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Takeaways – Wellbeing & Economics Event (Jan 2018)

On 24th January, Elina Grigoriou, Simon Rubinsohn and Jonathan Schifferes got together to discuss ‘Wellbeing and Economics – How to make strategic value-based decisions’ and these are our takeaways:

Simon Rubinsohn, Chief Economist at RICS very honestly opened the session acknowledging that he does not consider himself that knowledgeable on the concept of wellbeing, yet very aware of it and that it is ‘on the agenda’ policy wise too. Key points and messages Simon shared are:

  • Policy makers think of wellbeing in a bit of an abstract way and are not close to having a core focal point for policy actions.
  • Wellbeing on the Davos talks ‘horizon’ …
  • Looking at the global and country ranking reports, when all other factors are taken into account, a country’s ranking is not much different to the ranking where only the ‘crude’ economic/GDP ranking is considered.
  • As an economist, he is interested in broader concepts rather than detail, but if looking at the more specifics, wellbeing is subjective when related to corporates, according to research released last year.
  • A lot more work needs to be done to encourage property valuers to think what drives value but also the research needs to be done to support them.
  • We all have a feel about what a good place to work feels like and the outcomes it is likely to encourage.

Jonathan Schifferes, Interim Director – Public Services and Communities at RSA (Royal Society of Arts) shared the following thoughts in his opening remarks:

  • Money’s relationship to the broader value of wellbeing is partial; the social value is experiential, its like ‘beauty is in the eye of the beholder’. It is difficult to measure but emerging ways keep coming out on how to measure it.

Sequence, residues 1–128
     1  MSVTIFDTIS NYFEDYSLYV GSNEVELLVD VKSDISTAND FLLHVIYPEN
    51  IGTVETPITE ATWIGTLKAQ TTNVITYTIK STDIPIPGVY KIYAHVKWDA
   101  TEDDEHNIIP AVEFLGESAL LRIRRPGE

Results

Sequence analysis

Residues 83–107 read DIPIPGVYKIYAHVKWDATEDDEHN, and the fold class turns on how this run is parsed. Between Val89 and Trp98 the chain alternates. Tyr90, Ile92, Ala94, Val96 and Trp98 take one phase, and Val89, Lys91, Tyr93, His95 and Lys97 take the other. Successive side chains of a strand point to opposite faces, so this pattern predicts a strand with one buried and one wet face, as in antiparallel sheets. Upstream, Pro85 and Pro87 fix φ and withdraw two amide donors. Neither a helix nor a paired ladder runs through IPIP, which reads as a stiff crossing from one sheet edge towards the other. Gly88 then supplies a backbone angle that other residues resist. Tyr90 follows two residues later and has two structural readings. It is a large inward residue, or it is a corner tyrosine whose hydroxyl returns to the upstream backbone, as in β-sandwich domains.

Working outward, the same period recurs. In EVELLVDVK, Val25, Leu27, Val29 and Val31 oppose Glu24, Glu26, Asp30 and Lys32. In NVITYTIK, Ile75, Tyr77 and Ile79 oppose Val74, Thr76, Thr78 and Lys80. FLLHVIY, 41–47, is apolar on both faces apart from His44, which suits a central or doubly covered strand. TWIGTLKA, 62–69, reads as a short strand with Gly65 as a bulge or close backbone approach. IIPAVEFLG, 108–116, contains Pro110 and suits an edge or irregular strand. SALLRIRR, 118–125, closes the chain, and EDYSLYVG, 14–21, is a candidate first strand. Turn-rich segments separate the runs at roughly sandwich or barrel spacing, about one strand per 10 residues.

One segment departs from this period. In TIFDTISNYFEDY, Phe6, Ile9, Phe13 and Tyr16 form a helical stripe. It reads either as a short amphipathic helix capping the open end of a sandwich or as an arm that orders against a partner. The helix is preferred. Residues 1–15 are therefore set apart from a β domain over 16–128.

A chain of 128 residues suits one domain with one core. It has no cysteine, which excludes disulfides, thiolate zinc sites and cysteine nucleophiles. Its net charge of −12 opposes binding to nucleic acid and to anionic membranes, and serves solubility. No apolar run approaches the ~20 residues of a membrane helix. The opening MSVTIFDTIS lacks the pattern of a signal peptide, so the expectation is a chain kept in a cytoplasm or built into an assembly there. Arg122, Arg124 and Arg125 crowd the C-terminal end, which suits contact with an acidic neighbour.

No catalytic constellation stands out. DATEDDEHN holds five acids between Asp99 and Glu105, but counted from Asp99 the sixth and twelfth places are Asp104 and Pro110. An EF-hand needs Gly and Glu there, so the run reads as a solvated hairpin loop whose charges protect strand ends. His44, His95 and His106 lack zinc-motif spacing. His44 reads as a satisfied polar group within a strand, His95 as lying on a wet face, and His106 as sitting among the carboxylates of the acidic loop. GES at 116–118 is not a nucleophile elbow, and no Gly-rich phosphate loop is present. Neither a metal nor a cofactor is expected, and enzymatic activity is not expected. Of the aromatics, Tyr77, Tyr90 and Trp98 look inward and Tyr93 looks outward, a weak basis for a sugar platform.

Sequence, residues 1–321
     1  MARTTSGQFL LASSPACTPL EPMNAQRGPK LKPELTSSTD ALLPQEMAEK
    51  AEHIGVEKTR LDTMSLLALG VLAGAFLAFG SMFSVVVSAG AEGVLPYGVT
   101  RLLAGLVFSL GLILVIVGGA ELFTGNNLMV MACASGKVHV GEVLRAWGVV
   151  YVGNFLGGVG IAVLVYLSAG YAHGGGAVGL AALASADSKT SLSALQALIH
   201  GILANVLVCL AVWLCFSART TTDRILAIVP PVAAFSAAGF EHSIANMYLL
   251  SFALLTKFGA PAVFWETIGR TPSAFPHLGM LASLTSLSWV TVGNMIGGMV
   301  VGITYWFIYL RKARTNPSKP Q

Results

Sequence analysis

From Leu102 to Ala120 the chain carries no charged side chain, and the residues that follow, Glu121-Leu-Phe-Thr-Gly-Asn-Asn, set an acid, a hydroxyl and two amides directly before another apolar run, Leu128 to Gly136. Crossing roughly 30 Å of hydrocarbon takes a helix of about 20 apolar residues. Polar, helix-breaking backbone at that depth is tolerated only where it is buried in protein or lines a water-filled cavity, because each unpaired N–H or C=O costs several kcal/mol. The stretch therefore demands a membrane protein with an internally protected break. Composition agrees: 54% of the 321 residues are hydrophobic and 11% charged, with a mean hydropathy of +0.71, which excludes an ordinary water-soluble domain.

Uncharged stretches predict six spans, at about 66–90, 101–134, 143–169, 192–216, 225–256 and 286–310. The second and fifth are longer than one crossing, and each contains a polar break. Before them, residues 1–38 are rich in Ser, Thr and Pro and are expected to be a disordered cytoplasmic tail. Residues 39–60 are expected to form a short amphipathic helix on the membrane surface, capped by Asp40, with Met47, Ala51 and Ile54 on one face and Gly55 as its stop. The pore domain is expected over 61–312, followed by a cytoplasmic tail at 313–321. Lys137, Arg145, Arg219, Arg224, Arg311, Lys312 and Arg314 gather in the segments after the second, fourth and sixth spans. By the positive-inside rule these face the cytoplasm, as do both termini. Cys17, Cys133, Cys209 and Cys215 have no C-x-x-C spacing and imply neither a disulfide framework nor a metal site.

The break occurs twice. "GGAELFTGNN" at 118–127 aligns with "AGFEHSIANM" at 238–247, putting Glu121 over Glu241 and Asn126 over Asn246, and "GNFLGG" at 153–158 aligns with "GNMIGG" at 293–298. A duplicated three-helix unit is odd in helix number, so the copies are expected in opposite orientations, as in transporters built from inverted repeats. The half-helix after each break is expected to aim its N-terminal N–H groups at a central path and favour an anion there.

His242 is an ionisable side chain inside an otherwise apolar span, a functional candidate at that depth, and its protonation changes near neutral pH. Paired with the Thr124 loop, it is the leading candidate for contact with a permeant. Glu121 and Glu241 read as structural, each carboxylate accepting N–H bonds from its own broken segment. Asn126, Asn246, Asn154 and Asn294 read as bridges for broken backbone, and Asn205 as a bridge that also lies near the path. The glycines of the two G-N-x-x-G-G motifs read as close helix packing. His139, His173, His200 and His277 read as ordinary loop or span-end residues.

• However, measurement is not the biggest problem; it is looking after our wellbeing and doing actions for it where we have the challenge.
  • We place a huge premium for garden space because we know that if we sell a house with a garden, other people will pay a lot for that garden.
  • He would encourage the build environment professionals to read more anthropological and sociological research to get informed on the behavioural biases.
  • We all take social value into account in our day to day decisions and financial value: how much we value them each time is what varies.
  • Thinking in systems is the thing we need to do. Instead of: ‘Why is my local book shop more expensive than Amazon’ we should ask ‘Why is Amazon so cheap’? Why does everyone have to pay for a business to have free parking? Where do costs show up in the system?
  • We have to recognise that we won’t be successful in integrating wellbeing valuation if we use ‘pretend economics’ for everything.
  • We need to broaden our perspective on value, especially if we want to create it for the longer term.
  • St Christopher’s place was never designed by anyone; it was just space left in between buildings but it has become very valuable as its a lovely environment to spend time there. Observing each other, learning to coexist with strangers, people watching, looking at pigeons, looking at kids playing, all of this is the best wellbeing stuff yet we are not able to capture the value of this.
  • Paul Morrell, the govt’s Chief Construction Champion, suggested that in a 25 year life-cycle of a business, 80-90% of operating costs are staff costs with property a much lower cost, mainly for maintenance and servicing.

Elina continued from Jonathan’s thread on St Christopher’s Place and talked about the busker, Bernard, who is based there and always sings Bob Marley. Her wellbeing levels are always high walking past there, talking to him, getting a coffee, buying shoes etc… How can one measure the value of this?